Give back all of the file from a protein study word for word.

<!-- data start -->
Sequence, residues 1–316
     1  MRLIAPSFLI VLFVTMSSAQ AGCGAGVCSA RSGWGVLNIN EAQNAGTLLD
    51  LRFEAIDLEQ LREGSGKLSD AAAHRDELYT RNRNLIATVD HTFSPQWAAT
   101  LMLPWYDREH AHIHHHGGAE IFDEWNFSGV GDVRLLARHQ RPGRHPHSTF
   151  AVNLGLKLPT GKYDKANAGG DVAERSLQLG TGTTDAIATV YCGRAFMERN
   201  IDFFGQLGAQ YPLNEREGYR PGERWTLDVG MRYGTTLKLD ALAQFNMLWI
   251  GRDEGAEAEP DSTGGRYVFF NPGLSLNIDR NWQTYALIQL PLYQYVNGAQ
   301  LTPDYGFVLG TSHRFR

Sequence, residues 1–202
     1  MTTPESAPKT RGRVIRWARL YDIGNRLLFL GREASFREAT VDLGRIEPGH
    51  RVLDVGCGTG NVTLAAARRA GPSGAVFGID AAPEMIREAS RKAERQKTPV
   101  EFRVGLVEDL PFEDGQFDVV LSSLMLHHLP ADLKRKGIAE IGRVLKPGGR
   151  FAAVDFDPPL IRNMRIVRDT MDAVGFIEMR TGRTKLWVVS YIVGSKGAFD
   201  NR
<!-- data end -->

Sequence, residues 1–316
     1  MRLIAPSFLI VLFVTMSSAQ AGCGAGVCSA RSGWGVLNIN EAQNAGTLLD
    51  LRFEAIDLEQ LREGSGKLSD AAAHRDELYT RNRNLIATVD HTFSPQWAAT
   101  LMLPWYDREH AHIHHHGGAE IFDEWNFSGV GDVRLLARHQ RPGRHPHSTF
   151  AVNLGLKLPT GKYDKANAGG DVAERSLQLG TGTTDAIATV YCGRAFMERN
   201  IDFFGQLGAQ YPLNEREGYR PGERWTLDVG MRYGTTLKLD ALAQFNMLWI
   251  GRDEGAEAEP DSTGGRYVFF NPGLSLNIDR NWQTYALIQL PLYQYVNGAQ
   301  LTPDYGFVLG TSHRFR

Sequence, residues 1–202
     1  MTTPESAPKT RGRVIRWARL YDIGNRLLFL GREASFREAT VDLGRIEPGH
    51  RVLDVGCGTG NVTLAAARRA GPSGAVFGID AAPEMIREAS RKAERQKTPV
   101  EFRVGLVEDL PFEDGQFDVV LSSLMLHHLP ADLKRKGIAE IGRVLKPGGR
   151  FAAVDFDPPL IRNMRIVRDT MDAVGFIEMR TGRTKLWVVS YIVGSKGAFD
   201  NR